The Energy Bus

I came across The Energy Bus when I was curious what athletes and coaches tend to read the most. This book came up time and time again, so I figured I’d give it a shot. If you’re looking for a book that’s half self-help, half motivational speech, The Energy Bus is a great fit. It’s a short read and has an overall positive message, but it minimizes some more complex topics to a quick sentence or two. 

It’s interesting the differences between the science in Rewire and the hand-wavy statements in The Energy Bus around “if you put it out there, it’ll happen” vs. “here’s what happens to your brain when you choose to focus on something more.” Reading through Rewire at the same time definitely puts a different spin on The Energy Bus, but the two have quite a few parallels. As with commercials, if you don’t get it, or you don’t like it, then you are likely not the intended audience.


The story of The Energy Bus follows George, a grumpy man that grumbles at his family (wife, kids, dog) and is stressed about everything. After finding his car with a flat tire and unable to borrow the other family vehicle, he finds himself heading toward the bus stop and grumbling along the way. That’s when everything changed (surprise)! Driven by a woman named Joy (groan), the bus holds a rowdy crew of positive energy, all chanting mottos in unison and offering positive affirmations to give George a boost. Over the course of his bus trips, the gang recites the 10 rules to getting through life with a positive attitude. 

  1. You’re the driver of the bus
  2. Desire, vision and focus move your bus in the right direction
  3. Fuel your ride with positive energy
  4. Invite people on your bus and share your vision for the road ahead
  5. Don’t waste your energy on those who don’t get on your bus
  6. Post a sign that says “No Energy Vampires Allowed”
  7. Enthusiasm attracts more passengers and energizes them during the ride
  8. Love your passengers
  9. Drive with purpose
  10. Have fun and enjoy the ride

Colin Robinson…energy vampire.

While I may prefer a more scientific read than a motivational story from Jon Gordon, there were a few things that stuck out. 

Rule 5: Don’t waste your energy on those who don’t get on your bus

The older I get, the more I realize I don’t really have to spend time with anyone. Of course, there are cases where I don’t always get to choose whose company I am in, but interacting with them outside of that bubble becomes my choice. Toxicity in our relationships is a real thing and the more focused I become on what’s important to me in life, the clearer those toxic relationships become. It may not even be people, it may be habits we’ve formed that become toxic and we need to re-evaluate. Changing it a bit, this rule to me largely says “don’t spend time on people or habits that break your focus from your overall goals” or as Marie Kondo so famously asked, “Does this spark joy?” When the answer is no, we need to remove that habit or person from our day-to-day and in cases where we’re unable to completely do so, at least minimize the time spent. 

I think we’ve all had those days.

Events + Perception = Outcome

Read any book about communication and this “equation” may feel familiar. Communication is half on the deliverer and half on the person receiving the communication. In the same vein, the way we perceive an event is half “what objectively happened” and half “how did you perceive the event.” We have the ability to determine what the outcome is just by seeing it in a positive or negative light and that’s what The Energy Bus pokes at. It’s similar to the ABCDE’s of cognitive-behavioral therapy.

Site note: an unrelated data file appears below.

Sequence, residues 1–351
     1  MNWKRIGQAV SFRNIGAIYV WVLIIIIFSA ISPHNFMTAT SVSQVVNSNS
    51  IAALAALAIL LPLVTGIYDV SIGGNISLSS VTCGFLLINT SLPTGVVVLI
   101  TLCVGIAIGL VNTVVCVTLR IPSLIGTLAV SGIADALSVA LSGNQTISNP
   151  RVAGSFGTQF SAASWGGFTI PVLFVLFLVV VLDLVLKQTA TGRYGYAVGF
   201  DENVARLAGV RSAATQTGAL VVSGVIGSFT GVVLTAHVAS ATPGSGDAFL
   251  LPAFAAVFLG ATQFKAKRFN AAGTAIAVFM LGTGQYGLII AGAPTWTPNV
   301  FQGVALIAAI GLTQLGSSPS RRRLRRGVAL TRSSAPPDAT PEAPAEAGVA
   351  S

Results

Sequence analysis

In CBT, you’re asked to take a look at the “activating event” or adversity, the “beliefs” about the event, the emotional “consequences,” the “disputations” to challenge self-defeating belief, and “effect” or consequences of challenging self-defeating belief. By completing the full cycle, we can work through events that may seem like the world is collapsing in around us, but the minimization of all of that into “events + perception = outcome” is just one of the examples where on the surface The Energy Bus gets it right, but it’s much easier said than done.


If you’re feeling down and want a soft reset on your outlook, I can definitely see this book being helpful. I can also see a lot of folks I know getting a bit annoyed with the tiresome metaphors and the simple execution of the story. I definitely found myself eye-rolling quite a few times throughout, but that’s more of a “me” problem.

I also saw a lot of reviews where bosses and managers were gifting this book to their direct reports. Please, please, please, do not do that. I’m all for sharing knowledge and giving book recommendations, but something like The Energy Bus as required reading is more likely to make them think they’re not being “pleasant enough” or “optimistic enough” in their day-to-day when the problem is likely much more deeply rooted. 

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John Hartley is a Director of Product Engineering at Beam Dental in Columbus, OH. With 7+ years of leadership experience he has worked in startups, agencies, and began his career as a freelance Front End Developer. Always looking to iterate, this blog is a place for him to share his knowledge as well as hone his craft, challenge assumptions, and build a strong base of leadership and management knowledge. Connect with him on LinkedIn

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